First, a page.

Cycling 'not safe' in Bristol says Kerry McCarthy MP

A Bristol MP has claimed the city is not safe enough for cyclists, despite it being named as England's first cycling city four years ago.

Labour's Bristol East MP, Kerry McCarthy, said streets are too crowded, and cycle lanes "too confusing".

She also suggested banning vehicles on Sundays to allow cyclists to use the roads.

Jon Rogers from the city council said £23m had been invested since Bristol was made an official cycling city.

'Own the road'

Ms McCarthy said the idea of banning cars from certain roads in the city for a few hours on Sundays and bank holidays should be looked at.

"It's been tried elsewhere and it's been very successful. Bogota [the Colombian capital] has been doing it for 25 years, and I believe Seattle does something similar," she said.

"Bristol is approaching gridlock, it's got the slowest average traffic speeds of any city.

"The cycle lanes are incredibly confusing. To get round Temple Meads to join the Bristol and Bath [Railway] path, there are little bits that start and then stop."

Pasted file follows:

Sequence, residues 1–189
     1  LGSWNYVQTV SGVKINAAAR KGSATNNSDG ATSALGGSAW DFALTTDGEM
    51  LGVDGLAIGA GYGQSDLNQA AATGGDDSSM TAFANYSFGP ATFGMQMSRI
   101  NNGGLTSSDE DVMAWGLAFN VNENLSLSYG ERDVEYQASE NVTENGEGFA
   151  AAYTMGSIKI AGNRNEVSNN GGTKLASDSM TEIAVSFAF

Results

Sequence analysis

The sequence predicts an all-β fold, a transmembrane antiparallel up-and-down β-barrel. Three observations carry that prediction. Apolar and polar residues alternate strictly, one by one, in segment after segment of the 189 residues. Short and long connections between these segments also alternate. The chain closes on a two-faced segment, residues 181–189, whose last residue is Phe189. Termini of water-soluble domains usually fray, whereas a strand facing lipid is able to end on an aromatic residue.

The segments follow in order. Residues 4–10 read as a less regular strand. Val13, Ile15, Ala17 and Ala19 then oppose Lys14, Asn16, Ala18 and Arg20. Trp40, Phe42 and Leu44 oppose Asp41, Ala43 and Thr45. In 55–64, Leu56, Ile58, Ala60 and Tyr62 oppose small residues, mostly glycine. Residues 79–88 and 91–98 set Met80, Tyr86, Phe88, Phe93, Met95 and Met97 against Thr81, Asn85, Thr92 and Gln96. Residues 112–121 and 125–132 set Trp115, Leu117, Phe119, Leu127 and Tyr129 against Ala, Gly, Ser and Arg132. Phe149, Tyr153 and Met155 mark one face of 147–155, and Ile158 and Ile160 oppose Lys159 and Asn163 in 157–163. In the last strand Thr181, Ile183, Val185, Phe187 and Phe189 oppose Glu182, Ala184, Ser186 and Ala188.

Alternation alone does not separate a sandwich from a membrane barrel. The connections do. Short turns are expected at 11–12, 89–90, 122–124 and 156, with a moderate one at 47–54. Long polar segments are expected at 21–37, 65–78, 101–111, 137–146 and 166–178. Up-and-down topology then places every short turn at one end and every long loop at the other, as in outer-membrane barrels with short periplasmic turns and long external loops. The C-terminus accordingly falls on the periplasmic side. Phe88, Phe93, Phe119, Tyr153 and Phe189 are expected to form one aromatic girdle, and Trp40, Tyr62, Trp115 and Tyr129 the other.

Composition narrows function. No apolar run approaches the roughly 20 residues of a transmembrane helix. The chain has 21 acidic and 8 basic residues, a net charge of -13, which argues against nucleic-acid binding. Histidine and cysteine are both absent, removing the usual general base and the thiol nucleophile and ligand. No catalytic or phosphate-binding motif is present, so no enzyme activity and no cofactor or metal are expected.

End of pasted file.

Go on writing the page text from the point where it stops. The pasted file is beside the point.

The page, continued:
"We have to look at what changes we can make - whether it's closing some roads or introducing 20mph zones, things that can be done that can make it safer to cycle."

Mr Rogers said: "We've got 8,000 new bike racks, 2,000 new signs, and 53km (33 miles) of new and improved routes, but we need to keep that sort of investment going for years.

"There are some cyclists around that think they own the road and they don't, but then there are some car drivers and bus drivers that think they own the road and they don't.

"We have to share and respect one another."

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